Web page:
The Ushant SST front is a sharp surface front (3 to 5 C over  20 km) of barotropic (tidal) origin, which is usually present from March/April to October in the Iroise Sea and moves of about 5 km throughout the day due to the tidal currents. On the day of the study (2 September 2011), the low-level wind was 3 m s−1 from the south-west, crossing the front from the warm to the cold side with a  45 angle. The 2 m temperature was close to 15 C, in contrast with the 17 C or higher SST on the warm side of the front and 15 C or lower SST on its cold side, resulting in unstable to neutral atmospheric stratification. The Meso-NH model was used for a 12 h simulation with three two-way nested domains with a horizontal resolution as fine as 100 m on the central domain covering 45 × 50 km across the front. The surface conditions (SST) were provided hourly by a simulation using the Model for Applications at Regional Scales (MARS-3D), zoomed at 500 m (Lazure and Dumas2008). The atmospheric initial and boundary conditions of the largest domain were taken from the AROME-France operational analyses at 2.5 km (Seity et al.2011). In the reference simulation, the surface turbulent fluxes were parameterised using COARE 3.0, which is suitable for the weak wind conditions. In R2019, it is shown that the impact of the SST front on the marine atmospheric boundary layer (MABL), although in agreement with published results about its effects and intensity (e.g. Small et al.2008), differs by the mechanism involved. The sharpness of the front combined with the weak flow results in strong advection, and the process involved here is turbulent mixing rather than pressure gradient. This turbulent mixing is enhanced by a strong contrast of stratification across the front, which increases the non-neutral drag coefficient correspondingly (Fig. 12 in R2019). We check here that the same effects are obtained by running the simulation using the WASP parameterisation instead of COARE 3.0.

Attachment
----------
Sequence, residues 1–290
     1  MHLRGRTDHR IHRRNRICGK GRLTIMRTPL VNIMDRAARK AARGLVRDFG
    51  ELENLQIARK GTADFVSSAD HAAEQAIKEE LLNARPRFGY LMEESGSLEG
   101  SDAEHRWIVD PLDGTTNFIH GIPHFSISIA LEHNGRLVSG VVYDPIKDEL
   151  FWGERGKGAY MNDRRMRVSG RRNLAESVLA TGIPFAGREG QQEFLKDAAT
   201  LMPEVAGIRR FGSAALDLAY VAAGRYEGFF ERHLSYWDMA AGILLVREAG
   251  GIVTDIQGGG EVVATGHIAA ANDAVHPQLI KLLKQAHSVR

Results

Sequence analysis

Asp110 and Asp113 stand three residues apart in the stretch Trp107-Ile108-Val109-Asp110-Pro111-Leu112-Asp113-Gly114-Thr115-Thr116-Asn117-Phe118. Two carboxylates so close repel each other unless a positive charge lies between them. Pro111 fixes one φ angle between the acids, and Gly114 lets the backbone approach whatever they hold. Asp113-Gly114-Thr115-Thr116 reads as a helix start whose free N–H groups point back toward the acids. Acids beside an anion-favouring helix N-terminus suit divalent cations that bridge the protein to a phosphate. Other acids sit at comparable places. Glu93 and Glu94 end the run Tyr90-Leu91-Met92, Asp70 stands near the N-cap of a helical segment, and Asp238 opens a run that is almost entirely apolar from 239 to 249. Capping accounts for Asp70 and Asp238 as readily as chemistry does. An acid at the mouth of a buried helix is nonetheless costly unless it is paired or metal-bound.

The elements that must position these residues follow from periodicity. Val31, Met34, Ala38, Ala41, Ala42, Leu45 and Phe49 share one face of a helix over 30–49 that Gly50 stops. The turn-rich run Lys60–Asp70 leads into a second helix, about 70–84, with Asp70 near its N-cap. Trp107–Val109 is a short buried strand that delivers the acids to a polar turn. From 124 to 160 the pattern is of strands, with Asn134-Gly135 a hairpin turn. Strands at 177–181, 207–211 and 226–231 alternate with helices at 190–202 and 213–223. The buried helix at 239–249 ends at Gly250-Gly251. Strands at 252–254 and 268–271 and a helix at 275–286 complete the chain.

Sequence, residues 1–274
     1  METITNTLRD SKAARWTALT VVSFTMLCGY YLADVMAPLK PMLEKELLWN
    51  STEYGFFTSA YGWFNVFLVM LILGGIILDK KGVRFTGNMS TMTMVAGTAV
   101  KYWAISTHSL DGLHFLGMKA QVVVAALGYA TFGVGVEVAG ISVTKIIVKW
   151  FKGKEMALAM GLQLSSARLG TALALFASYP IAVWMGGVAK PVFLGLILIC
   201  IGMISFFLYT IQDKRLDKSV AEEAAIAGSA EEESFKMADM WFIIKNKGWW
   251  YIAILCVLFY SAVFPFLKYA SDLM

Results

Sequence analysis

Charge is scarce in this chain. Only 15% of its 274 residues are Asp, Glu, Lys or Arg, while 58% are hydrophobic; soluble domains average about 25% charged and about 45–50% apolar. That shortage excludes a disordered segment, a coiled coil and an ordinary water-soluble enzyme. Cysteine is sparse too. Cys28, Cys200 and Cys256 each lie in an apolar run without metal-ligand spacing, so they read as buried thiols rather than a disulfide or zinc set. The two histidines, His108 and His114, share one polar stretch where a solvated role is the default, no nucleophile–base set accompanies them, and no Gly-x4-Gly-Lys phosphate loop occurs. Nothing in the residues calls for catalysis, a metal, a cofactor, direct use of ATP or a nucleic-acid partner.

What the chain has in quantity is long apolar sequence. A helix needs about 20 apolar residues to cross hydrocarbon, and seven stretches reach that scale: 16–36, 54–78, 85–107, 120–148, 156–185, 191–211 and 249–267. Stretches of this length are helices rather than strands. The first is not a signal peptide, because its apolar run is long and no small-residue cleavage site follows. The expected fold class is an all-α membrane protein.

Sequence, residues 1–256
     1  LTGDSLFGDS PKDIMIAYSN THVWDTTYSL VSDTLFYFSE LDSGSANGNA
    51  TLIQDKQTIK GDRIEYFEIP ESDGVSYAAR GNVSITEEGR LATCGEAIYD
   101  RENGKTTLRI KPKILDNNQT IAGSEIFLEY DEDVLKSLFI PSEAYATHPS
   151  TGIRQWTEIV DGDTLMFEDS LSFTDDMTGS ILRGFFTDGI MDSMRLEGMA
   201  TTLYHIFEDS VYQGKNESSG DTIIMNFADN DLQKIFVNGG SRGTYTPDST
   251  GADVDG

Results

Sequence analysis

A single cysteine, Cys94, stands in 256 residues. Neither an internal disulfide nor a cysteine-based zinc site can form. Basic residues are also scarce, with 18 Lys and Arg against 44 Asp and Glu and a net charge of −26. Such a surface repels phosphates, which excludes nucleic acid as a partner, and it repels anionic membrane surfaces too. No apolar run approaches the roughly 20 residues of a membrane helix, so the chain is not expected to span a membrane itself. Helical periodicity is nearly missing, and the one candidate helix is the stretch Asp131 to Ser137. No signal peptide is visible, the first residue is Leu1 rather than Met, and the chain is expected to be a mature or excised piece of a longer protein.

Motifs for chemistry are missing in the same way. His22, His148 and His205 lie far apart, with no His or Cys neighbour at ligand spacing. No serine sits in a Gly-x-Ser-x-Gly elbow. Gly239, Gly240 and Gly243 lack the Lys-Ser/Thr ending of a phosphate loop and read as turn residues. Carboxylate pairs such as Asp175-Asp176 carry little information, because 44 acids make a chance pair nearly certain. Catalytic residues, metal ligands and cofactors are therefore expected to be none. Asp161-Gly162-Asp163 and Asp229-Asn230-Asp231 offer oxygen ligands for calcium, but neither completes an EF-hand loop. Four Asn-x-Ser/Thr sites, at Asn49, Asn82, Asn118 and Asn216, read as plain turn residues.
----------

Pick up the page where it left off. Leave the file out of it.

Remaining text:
3.1.2 Results

Figure 7 compares the SST, the difference between the SST and the air temperature, the drag coefficient, and the momentum flux along a 35 km profile across the front (see Fig. 8c), from the warm side to the cold side. The decrease in the SST from 17.5 to 15 C (Fig. 7a) produces a strong change in the surface stratification (SST Ta in Fig. 7b), which results in a strong decrease in the non-neutral drag coefficient Cd (Fig. 7c) from 1.2 × 10−3 to  0.5 × 10−3. This induces the corresponding decrease in the momentum flux τ (Fig. 7d). The striking correspondence of the change in non-neutral Cd with the SST front can be appreciated in Fig. 8a for the COARE3.0 parameterisation. The role of this stratification change due to advection across the front in controlling Cd has been established in R2019 and is shown here by the difference between the non-neutral and neutral drag coefficients across the front (Fig. 7c – see also Fig. 8c for a map of the neutral drag coefficient, which is almost homogeneous on the domain). The simulation using WASP rather than COARE 3.0 gives the same results with a small intensification of the contrast between both neutral and non-neutral drag coefficients across the front (Figs. 7c and d, 8a and b), in line with slightly higher values of the neutral Cd by weak winds, Fig. 1. In this weak wind situation with a strong gradient of surface stratification, WASP behaves similarly to COARE3.0 in reproducing the decrease in turbulent stress from the warm side to the cold side of the SST front.